The way it happened was, Joe Bonamassa was playing House of Blues in Los Angeles and Glenn Hughes sat in on a few songs. Kevin Shirley was in the audience and he had the epiphany that somebody should put together a group around those two guys. The next two people he called were Jason and myself. The whole idea was to go into the studio to learn a few songs and record them. It turned into a week-long session and we got a whole album in the can. I didn’t even meet Jason or have a conversation with him until four days into the session—we were moving that fast. We were all so focused, and Kevin Shirley is great at what he does, harnessing everything.
We put out the self-titled album and it resonated great in Europe. No one was expecting that. Then we decided to play a couple of shows in the U.K. during the holidays in 2010, and we sold out venues with 3,000 to 4,000 seats. It was like, “Wow, this could be something.” So then, the plan was to go back into the studio and record Black Country Communion 2 in January  and release it in June, then do a full summer of European touring. I just got back from the tour last week, and it went great. People are digging it, and sometimes in this crazy business you stumble into something that just works and you don’t question it—it’s organic.
How has Black Country Communion impacted you musically?
It really gave me a chance to get to know the B-3. I’ve been a purist in using real instruments on my records, but on all my tours, I’ve never taken a B-3 out; I’ve always taken clonewheels instead. I’d brought the real Leslie, but this is the first time where I’ve gone on tour with the B-3. I purchased a gorgeous 1962 fruitwood B-3 and had it modified by Ken Rich. The Leslie is cherry and I love it; I’ll never play live again without it. I’m doing some shows with Billy Idol this October, and I’m bringing the B-3. Once you have the real thing, why mess around? I feel almost embarrassed that I didn’t insist on one years ago. As long as I don’t have to lift it, I’m bringing it!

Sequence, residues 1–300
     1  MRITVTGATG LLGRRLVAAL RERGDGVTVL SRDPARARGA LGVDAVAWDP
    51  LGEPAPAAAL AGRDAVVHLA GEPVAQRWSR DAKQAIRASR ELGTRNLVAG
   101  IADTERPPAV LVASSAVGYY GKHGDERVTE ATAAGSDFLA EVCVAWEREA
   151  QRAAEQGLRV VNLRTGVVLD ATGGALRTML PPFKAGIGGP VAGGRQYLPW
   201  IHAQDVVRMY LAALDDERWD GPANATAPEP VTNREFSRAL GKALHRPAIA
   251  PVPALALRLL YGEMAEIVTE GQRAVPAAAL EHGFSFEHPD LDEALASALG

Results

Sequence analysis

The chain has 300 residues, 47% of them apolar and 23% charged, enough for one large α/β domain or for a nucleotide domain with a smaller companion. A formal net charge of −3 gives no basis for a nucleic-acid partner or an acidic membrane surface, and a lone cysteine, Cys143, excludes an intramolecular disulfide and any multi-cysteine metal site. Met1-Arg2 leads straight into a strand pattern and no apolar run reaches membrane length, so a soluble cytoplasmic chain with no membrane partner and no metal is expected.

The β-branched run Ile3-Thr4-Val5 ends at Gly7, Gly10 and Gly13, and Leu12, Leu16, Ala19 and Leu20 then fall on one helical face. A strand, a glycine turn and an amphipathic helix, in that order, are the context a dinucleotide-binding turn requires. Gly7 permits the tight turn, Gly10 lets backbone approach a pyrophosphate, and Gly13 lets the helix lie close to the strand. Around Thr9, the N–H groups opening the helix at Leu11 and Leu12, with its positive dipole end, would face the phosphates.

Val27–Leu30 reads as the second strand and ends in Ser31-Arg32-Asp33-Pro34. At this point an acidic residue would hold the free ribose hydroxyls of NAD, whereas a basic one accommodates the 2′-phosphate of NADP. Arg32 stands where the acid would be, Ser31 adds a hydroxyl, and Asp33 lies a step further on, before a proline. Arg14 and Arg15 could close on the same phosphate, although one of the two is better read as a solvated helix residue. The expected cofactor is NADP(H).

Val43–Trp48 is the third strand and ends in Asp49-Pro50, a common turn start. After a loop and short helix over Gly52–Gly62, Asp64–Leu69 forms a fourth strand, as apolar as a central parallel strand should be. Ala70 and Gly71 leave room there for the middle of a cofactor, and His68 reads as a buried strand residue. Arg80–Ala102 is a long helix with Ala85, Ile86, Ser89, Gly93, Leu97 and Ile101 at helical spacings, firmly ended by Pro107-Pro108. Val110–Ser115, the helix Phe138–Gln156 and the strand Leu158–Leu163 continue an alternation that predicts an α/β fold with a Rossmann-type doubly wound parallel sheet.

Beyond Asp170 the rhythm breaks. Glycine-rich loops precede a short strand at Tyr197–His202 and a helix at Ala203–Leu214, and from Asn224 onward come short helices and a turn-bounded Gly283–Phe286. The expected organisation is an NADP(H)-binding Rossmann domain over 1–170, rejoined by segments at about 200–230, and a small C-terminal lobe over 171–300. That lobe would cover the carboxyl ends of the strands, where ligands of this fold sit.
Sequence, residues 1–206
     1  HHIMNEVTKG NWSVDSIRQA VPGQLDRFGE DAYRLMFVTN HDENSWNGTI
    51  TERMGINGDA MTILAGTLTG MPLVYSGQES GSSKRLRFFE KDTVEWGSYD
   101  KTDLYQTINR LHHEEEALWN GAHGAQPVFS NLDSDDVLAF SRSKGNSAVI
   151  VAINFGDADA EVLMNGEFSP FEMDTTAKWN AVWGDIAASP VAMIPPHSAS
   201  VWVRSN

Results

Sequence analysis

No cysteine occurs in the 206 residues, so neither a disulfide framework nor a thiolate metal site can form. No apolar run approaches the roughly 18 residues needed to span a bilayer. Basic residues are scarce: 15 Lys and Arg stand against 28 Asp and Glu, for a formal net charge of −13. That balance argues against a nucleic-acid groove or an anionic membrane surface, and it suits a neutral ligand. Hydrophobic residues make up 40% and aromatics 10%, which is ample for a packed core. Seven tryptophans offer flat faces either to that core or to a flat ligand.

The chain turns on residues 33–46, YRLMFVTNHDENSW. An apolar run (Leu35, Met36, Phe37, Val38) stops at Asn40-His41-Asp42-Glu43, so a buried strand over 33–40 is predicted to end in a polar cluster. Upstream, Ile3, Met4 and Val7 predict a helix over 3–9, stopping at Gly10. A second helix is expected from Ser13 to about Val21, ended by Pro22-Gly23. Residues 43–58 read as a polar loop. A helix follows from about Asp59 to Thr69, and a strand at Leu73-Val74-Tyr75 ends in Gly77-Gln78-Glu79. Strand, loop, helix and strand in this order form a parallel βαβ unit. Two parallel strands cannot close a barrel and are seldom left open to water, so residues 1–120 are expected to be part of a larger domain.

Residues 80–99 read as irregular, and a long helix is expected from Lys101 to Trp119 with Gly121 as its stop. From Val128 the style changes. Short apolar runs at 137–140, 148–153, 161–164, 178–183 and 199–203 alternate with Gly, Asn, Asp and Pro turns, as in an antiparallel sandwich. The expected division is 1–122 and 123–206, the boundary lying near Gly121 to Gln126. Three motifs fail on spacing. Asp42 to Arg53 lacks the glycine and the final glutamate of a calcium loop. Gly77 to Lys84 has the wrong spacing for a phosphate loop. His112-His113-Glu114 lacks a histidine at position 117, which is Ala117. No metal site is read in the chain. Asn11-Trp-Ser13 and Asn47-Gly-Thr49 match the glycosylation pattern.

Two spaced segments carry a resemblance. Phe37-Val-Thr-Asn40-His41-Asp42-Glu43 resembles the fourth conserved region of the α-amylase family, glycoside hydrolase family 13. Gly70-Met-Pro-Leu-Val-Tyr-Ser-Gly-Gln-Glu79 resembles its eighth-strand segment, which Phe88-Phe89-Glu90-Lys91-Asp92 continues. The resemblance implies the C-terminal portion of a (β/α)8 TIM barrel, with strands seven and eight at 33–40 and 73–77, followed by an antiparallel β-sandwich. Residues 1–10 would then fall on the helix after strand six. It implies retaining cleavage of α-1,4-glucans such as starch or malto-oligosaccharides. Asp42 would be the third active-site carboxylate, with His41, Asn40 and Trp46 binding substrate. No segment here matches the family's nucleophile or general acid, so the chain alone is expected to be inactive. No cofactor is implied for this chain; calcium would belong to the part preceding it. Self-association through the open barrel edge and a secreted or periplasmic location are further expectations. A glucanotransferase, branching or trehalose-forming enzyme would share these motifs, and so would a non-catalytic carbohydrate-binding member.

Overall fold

What other keyboards are staples in your rig?
If I wasn’t bringing the B-3, my favorite clone is the Nord Electro 3. There are a bunch of new ones that I haven’t played yet, but thus far the Electro 3 through a Leslie 122 is what I’ve used. There’s a lot of Rhodes on my record, and the Rhodes samples in the Electro 3 are pretty awesome—you can tweak and overdrive ’em. Also, the Mellotrons are fantastic. On the last Billy Idol tour, I didn’t run just the B-3 sounds from the Electro through the Leslie; I also ran the Wurly sounds and the Mellotrons through it and rolled off the overdrive a little bit. [Billy Idol guitarist] Steve Stevens turned around and said, “Man, that sounds amazing!”
Have you done a lot with modular synths? It seems they’d work with your signature sound.
Not much, but I just got a Minimoog Voyager XL, which is pretty massive. I’m using probably five percent of its capacity. I really need to just sit with the manual and dig in. There’s gonna be a learning curve, but it sounds so massive. I used it all over Oceana for bass sounds and for doubling the guitar melodies to get that thick analog sound. I run it through a guitar amp or a Tech 21 SansAmp to give it a little teeth. [See our full review of the Voyager XL here. —Ed.]